This is lunacy. This is yearly lunacy which makes me a lunatic. This is, to go back to my football analogy, getting a fresh set of downs and then immediately holding and false starting and digging myself a first-and-25 hole which is far less likely to be done.
What I kept coming back to, all day Sunday actually, was that old Nike slogan. Just Do It. Only if I am going to do this, why not now? Just start now. So I yoga-ed on Sunday, drank water, counted all of my calories and basically slowed a roll that had started long before Thanksgiving if I am being honest. And I feel good going into this Monday, this December 2nd, so good in fact that this seems like a better way to enjoy my holiday. In moderation. Still charging at my goals. And then, maybe, just maybe, I reach January 1 with my goals already checked and my blank page ready to be filled with something entirely new.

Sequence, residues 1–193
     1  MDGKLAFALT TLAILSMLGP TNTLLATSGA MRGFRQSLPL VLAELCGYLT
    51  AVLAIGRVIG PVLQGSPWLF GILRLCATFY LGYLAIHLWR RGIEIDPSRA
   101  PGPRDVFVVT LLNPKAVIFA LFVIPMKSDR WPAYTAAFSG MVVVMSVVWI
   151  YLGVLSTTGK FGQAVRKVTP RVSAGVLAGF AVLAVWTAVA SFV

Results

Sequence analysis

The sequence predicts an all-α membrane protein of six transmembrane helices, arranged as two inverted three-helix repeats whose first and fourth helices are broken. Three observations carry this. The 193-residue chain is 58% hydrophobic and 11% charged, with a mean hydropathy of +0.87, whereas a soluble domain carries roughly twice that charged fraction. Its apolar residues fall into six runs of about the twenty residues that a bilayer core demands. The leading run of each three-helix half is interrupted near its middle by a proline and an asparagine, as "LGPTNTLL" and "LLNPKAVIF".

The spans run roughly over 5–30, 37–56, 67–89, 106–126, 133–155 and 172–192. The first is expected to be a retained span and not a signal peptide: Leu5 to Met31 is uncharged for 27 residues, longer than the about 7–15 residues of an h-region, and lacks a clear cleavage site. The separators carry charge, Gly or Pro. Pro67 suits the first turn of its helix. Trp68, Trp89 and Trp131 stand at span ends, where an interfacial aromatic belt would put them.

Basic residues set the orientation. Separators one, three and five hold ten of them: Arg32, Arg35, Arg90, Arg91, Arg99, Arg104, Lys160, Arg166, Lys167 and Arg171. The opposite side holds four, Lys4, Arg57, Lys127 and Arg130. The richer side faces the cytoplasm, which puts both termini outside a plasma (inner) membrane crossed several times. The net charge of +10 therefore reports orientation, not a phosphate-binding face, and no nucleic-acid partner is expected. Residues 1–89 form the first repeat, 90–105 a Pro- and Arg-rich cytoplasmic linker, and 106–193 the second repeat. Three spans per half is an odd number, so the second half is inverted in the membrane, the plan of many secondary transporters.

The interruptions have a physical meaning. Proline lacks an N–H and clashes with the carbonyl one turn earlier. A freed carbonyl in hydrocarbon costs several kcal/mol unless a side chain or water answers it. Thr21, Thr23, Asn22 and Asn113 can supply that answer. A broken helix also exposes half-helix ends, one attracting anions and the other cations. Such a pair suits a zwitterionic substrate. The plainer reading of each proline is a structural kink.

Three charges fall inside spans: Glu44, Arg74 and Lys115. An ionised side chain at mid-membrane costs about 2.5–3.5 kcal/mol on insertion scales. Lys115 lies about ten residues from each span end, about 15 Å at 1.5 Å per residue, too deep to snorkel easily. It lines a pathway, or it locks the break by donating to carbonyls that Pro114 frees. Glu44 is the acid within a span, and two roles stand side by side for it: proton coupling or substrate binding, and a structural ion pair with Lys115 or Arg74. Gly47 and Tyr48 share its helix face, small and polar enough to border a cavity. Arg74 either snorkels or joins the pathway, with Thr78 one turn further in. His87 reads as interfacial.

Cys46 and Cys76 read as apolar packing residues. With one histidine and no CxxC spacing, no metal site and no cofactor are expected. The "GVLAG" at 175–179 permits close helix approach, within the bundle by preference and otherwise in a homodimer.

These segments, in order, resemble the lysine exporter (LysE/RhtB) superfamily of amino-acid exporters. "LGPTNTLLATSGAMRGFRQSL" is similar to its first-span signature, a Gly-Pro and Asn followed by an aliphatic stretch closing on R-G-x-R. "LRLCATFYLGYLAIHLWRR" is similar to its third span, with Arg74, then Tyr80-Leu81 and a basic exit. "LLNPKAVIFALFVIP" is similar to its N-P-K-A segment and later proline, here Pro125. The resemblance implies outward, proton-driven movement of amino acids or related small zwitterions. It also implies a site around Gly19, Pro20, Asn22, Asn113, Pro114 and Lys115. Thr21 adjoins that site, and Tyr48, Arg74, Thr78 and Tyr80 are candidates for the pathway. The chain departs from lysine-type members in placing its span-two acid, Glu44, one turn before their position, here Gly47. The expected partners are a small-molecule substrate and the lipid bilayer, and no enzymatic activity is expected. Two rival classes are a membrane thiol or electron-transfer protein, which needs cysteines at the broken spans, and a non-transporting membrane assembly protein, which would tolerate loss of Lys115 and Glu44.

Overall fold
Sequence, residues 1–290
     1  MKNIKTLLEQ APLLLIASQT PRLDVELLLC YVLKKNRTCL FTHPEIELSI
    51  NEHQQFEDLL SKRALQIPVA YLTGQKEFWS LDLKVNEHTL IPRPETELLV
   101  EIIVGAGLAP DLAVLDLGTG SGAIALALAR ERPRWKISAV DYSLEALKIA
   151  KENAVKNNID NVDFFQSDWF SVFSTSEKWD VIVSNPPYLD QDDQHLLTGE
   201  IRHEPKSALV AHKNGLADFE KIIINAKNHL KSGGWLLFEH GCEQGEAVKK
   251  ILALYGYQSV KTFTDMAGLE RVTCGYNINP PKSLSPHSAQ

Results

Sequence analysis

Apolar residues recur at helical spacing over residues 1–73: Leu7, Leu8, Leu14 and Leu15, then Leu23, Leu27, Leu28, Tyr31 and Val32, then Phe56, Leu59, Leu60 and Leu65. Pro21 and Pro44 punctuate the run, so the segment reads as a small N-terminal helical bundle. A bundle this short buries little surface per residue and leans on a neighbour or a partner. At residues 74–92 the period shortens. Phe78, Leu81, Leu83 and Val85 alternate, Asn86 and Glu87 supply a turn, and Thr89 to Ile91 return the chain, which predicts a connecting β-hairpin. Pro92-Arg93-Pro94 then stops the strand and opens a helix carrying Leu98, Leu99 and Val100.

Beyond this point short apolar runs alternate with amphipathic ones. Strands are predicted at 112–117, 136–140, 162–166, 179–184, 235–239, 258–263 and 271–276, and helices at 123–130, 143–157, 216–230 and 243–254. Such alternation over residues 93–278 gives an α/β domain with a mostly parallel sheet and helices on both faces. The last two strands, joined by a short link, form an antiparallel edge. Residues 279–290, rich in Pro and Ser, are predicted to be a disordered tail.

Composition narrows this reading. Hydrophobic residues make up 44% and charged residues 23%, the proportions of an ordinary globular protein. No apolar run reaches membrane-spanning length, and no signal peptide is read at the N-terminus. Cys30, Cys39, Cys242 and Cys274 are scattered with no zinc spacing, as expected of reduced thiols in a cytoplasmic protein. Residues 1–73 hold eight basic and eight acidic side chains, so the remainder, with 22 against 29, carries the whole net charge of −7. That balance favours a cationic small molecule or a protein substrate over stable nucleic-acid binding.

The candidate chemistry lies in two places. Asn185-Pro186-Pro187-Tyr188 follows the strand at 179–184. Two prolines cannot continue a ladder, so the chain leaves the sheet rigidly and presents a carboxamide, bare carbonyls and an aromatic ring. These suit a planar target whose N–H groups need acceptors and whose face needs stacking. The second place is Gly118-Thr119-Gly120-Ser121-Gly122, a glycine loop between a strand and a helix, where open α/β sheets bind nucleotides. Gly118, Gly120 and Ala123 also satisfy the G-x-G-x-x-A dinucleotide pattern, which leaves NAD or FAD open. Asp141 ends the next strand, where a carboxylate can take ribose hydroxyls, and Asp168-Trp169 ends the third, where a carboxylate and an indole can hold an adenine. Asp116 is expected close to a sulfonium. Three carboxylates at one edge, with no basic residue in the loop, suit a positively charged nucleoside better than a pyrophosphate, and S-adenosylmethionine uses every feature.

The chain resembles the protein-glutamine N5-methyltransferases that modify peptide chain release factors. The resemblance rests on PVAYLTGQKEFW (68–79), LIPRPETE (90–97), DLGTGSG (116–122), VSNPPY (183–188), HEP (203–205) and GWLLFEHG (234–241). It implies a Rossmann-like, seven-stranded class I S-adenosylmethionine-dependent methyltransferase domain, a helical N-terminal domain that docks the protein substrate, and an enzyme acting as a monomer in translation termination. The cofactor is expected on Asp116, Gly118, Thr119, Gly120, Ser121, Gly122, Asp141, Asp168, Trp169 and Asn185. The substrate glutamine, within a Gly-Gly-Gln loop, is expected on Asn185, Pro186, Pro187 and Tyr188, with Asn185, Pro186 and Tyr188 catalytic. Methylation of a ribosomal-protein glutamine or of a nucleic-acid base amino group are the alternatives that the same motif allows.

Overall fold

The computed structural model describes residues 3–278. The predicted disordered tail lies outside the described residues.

I actually like to bake, love to bake actually. The exacting nature of baking, with its measuring and leveling and X+Y=Zeverysingletime consistency, suits my Type A+ nature. And I find all of this measuring and rolling and baking to be wildly soothing, flaky little pie crust as the perfect balance for my sports-sports, go-go, rough-edged normal life.
What I am discovering about baking is, like every area of my life, I gravitate to what is comfortable. I love certain yoga poses, love reading certain kinds of books, love tackling certain assignments and yes, those loves almost always dovetail nicely with what I am already good at.
Surprise, surprise. And this is actual awful for my growth.
I read about this phenomenon of how being good at a certain thing actually ends up making us less successful overall in Nuture Shock. It is a nerdy book about raising kids that I love love loved. And their theory, backed up by studies and data, is that we praise need to praise effort not performance. Even when that performance is good. Especially when that performance is good. It turns out kids who are told they are really good at something do not want to try the next level for fear of having their pretty little praise trophy possibly taken away whereas kids who are told “good trying” or “I love how hard you worked at that picture” are more likely to say yes to another, harder challenge. They have nothing to lose. They do not know if they are good or bad at whatever it is, they just know the doing is what matters.